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Switzerland may be world first to install solar panels on railway tracks

Solar panels may soon unroll along railway tracks 

Between Swiss railroad tracks, a startup may be soon rolling out solar panels like a carpet


Solar panels may soon be rolled out “like carpet” on railway tracks in Switzerland. Swiss start-up Sun-Ways is installing panels near Buttes train station in the west of the country in May, pending sign-off from the Federal Office of Transport.

It’s the first time a removable system has been developed for installing solar panels between railway tracks, and could revolutionize the whole railway system.

Potential in unusual surfaces

As the climate crisis demands that we speed up Europe’s energy transition, developers have been seeing new potential in unusual surfaces. Roadsides, reservoirs and farms are all finding space for solar systems. And Germany’s Deutsche Bahn is also experimenting with adding solar cells to railway sleepers. But Sun-Ways is the first to patent a removable system, with the help of EPFL, the Swiss federal technology institute in Lausanne. That is the innovation And it’s a crucial one since railway tracks need to be cleared from time to time for essential maintenance work.

In the transition to green(er) energy, the race is on to find physical space to install wind turbines, geothermal plants and solar panels. In Switzerland, local startup Sun-Ways is looking to train tracks. Turns out the space between two rails neatly fits standard photovoltaic panels.

Sun-Ways has patented a system that places photovoltaic panels between railway tracks, allowing trains to produce electricity without taking up any additional land.

Easy installation is pivotal

It’s not the first company to consider that space for photovoltaics, but its ease of installation makes this system stand out. Instead of placing panels individually, Sun-Ways links them together and rolls them out like a carpet. That doesn’t just make them faster and cheaper to install but also enables temporary removal when railroad companies need to perform regular track maintenance.

A specially designed train will unfurl the panels as it travels along the track.Sun-Ways. The train developed by Swiss track maintenance company Scheuchzer will travel along the rails, laying photovoltaic panels as it goes. It’s just “like an unrolling carpet”, says Sun-Ways. The specially designed train uses a piston mechanism to unfurl the one-metre-wide panels, pre-assembled at a Swiss factory.
Security is a priority, too: the panels feature an antireflective layer to reduce glare for train drivers. They can be kept clean by mounting brushes on trains that automatically sweep the panels when passing over.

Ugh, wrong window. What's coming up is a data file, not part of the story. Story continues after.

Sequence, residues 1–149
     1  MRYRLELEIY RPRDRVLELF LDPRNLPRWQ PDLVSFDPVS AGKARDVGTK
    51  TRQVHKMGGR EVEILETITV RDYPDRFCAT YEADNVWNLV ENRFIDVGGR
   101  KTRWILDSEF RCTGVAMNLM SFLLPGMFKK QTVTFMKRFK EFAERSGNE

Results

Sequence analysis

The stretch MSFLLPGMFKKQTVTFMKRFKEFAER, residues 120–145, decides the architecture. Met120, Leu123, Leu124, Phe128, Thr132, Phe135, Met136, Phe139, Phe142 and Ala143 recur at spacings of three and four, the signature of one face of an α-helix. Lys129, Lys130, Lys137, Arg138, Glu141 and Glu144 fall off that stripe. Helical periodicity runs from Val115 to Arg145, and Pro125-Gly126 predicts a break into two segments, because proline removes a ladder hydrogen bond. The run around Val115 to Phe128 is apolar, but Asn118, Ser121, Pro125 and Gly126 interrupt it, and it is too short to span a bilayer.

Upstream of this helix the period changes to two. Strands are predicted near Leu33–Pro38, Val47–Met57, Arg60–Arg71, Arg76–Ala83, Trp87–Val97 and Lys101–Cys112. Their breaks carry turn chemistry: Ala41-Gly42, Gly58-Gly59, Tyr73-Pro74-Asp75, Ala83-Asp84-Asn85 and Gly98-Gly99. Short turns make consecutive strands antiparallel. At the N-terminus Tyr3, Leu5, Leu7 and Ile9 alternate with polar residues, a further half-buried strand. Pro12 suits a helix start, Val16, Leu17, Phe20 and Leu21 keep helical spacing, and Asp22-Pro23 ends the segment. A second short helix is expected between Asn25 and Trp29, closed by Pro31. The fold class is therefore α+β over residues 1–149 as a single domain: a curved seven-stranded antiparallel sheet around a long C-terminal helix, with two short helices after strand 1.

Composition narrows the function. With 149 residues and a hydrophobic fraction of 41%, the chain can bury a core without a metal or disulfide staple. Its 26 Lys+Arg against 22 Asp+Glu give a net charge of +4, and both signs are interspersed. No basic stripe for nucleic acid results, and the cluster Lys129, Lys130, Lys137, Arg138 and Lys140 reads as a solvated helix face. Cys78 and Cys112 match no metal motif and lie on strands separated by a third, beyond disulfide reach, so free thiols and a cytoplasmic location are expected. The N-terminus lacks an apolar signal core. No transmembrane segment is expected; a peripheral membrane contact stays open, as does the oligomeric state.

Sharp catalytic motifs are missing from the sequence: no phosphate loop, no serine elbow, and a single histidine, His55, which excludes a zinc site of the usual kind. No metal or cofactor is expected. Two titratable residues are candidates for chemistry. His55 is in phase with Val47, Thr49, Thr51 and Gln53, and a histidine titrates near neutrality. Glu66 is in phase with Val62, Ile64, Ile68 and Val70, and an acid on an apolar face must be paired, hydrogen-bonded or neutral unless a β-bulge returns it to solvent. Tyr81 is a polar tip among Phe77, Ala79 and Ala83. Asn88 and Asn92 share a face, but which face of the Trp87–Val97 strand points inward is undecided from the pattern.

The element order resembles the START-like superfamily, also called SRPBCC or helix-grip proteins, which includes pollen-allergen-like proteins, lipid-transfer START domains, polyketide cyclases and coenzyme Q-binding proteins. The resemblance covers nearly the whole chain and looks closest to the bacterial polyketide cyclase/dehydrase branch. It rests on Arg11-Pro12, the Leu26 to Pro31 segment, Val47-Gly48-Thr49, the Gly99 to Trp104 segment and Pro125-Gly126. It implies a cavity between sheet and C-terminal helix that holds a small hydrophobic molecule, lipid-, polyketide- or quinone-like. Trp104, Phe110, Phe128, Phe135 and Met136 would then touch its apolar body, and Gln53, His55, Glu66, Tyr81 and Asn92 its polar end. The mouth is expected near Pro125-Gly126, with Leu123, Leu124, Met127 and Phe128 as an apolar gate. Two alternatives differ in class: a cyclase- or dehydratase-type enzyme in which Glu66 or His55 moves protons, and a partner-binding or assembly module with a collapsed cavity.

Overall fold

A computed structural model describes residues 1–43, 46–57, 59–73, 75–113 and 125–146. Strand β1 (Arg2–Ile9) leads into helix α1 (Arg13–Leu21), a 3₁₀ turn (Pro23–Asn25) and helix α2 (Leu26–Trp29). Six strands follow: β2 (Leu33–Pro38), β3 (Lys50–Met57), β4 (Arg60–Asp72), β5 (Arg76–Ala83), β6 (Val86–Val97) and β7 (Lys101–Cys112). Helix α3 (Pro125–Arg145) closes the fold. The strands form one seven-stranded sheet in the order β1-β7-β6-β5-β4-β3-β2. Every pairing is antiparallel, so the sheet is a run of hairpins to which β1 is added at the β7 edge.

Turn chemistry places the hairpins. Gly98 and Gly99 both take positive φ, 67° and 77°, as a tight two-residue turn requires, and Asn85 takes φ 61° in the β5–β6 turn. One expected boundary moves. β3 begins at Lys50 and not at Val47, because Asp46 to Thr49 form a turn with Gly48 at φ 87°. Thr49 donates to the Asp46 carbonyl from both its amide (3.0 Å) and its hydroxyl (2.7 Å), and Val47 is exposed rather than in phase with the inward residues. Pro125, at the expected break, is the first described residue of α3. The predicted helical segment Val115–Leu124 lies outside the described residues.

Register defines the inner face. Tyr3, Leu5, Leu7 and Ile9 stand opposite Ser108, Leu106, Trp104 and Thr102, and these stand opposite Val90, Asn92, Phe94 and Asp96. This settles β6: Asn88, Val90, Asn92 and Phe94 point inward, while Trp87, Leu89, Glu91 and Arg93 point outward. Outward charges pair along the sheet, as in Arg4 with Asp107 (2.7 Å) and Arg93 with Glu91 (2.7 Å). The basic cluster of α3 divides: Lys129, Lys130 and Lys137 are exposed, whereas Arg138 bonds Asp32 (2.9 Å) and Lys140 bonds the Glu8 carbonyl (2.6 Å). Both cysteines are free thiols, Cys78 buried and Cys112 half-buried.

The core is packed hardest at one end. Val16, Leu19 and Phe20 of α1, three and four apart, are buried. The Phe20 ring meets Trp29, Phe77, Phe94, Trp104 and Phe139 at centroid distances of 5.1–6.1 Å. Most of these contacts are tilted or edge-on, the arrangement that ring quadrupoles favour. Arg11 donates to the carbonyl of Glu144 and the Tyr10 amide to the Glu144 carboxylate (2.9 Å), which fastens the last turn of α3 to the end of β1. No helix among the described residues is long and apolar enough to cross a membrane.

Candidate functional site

How much energy could solar panels on railway lines produce

Pistons clamp the solar panels to the railway track.Sun-WaysThe start-up has big ambitions for its eco-innovation. In theory, panels could be rolled out across the entirety of Switzerland’s 5,317 kilometre-long railway network.
The photovoltaic cells would cover an area around the size of 760 football fields. Obviously, there’d be little point extending the solar carpet into tunnels.
Sun-Ways estimates the national rail network could produce one Terawatt-hour (TWh) of solar energy per year, equivalent to around 2 per cent of Switzerland’s total energy consumption.
Electricity produced by the PV system will be fed into the power grid and used to power homes as feeding it into railway operations would be a more complicated process.

Amazing potential, still to be proved

There are over a million kilometres of railway lines in the world and at Sun-Ways they believe that 50 per cent of the world’s railways could be equipped with their system.

The company still has a lot to prove with its pilot project near Buttes, however. The International Union of Railways has expressed concern that the panels could suffer micro-cracks, lead to a higher risk of fires in green areas and even distract train drivers with reflections.

Sun-Ways says its panels are more resistant than conventional ones and could have an anti-reflection filter to keep out of train drivers’ eyes. Built-in sensors also ensure they work properly while brushes attached to the end of trains could remove dirt from the surface of the panels.

Some have pointed out that ice and snowfall could stop the horizontal panels from being useful, but Sun-Ways has an answer for this too. It is working on a system to melt frozen precipitation.

sources: Euronews I Trendwatching

cover image: 

author: Barbara Marcotulli


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